Euro-Zone Growth Jumps More than Expected

Euro zone economic growth rebounded more strongly than previously estimated in the third quarter of 2007, revised data showed on Wednesday, thanks to higher growth in France and Belgium.

The European Union's statistics office Eurostat said gross domestic product in the euro zone rose 0.8 percent in the July-September period against the previous three months, higher than the previously reported 0.7 percent.

Year-on-year, GDP rose 2.7 percent in the third quarter, well above its potential growth rate which the European Commission estimates at around 2.2 percent. The yearly rate was unchanged from the previous estimate.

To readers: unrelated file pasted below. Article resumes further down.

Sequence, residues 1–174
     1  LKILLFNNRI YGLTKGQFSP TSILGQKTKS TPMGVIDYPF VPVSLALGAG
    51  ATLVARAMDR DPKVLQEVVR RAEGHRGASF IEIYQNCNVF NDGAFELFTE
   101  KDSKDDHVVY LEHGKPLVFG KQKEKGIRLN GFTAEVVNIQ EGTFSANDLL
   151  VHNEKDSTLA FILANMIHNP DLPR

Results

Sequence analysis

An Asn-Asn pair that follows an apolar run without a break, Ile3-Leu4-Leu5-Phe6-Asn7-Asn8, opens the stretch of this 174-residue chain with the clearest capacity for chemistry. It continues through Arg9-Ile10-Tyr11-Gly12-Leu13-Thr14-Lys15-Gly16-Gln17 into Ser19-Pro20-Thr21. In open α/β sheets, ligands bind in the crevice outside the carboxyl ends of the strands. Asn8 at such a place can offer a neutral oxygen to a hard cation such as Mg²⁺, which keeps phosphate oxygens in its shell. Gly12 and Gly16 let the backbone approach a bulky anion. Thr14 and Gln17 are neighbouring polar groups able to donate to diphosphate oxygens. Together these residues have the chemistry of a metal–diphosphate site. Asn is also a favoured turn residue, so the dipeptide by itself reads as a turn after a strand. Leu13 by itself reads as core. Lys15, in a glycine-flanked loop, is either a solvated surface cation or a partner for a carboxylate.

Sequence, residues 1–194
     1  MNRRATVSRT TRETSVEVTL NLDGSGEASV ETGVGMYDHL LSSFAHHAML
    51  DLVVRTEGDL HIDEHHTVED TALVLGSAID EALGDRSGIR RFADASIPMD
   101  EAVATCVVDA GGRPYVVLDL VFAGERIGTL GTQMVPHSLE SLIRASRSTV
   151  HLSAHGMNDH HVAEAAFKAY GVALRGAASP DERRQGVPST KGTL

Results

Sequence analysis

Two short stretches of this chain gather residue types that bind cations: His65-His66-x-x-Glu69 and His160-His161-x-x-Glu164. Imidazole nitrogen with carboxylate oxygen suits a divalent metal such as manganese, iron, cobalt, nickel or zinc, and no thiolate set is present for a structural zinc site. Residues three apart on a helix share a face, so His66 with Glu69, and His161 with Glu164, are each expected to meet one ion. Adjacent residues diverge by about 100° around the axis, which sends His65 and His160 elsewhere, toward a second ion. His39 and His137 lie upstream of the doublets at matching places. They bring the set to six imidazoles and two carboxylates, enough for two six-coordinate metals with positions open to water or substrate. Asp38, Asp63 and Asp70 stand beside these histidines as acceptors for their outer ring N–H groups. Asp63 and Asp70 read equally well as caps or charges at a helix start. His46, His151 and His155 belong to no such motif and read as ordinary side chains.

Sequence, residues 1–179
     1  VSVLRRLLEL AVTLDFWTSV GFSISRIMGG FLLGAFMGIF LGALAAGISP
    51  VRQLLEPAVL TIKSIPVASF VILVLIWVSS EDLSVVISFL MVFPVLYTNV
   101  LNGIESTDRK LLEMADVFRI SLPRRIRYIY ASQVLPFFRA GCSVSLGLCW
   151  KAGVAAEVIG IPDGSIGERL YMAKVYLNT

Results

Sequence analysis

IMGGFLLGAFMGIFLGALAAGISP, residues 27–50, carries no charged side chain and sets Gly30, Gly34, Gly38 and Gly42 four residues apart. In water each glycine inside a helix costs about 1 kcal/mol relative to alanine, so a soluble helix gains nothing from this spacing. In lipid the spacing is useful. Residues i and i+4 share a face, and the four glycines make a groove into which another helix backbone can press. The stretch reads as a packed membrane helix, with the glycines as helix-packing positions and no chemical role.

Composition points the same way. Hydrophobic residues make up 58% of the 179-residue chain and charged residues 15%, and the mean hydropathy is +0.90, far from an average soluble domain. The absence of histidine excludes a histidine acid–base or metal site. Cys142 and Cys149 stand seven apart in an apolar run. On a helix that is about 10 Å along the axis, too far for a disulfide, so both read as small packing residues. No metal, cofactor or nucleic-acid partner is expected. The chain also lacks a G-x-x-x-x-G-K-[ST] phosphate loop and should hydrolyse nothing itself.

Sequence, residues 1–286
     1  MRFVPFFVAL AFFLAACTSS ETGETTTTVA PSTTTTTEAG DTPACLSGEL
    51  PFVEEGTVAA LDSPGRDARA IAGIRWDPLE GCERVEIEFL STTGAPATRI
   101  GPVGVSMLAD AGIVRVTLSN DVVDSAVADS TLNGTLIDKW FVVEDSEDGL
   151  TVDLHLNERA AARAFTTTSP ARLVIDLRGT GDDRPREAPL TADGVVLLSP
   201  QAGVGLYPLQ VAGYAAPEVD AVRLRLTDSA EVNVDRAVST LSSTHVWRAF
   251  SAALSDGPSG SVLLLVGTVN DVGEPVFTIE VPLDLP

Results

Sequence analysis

Economists had expected a result in line with the previous Eurostat report for the quarterly and yearly growth figures.

The better result was driven mainly by an upward revision ofquarterly growth in the euro zone's second biggest economy France, where the economy expanded by 0.8 percent rather than the previously estimated 0.7.

In Belgium, growth was revised up to 0.5 percent from a previous 0.4 percent.

Economic expansion in the 13 countries that shared the euro in the third quarter of last year was driven mainly by household consumption and investment, which added 0.3 percentage points each to the total. Growing inventories added 0.2 percent.

Government spending added another 0.1 percentage point which was offset by a negative contribution from net trade.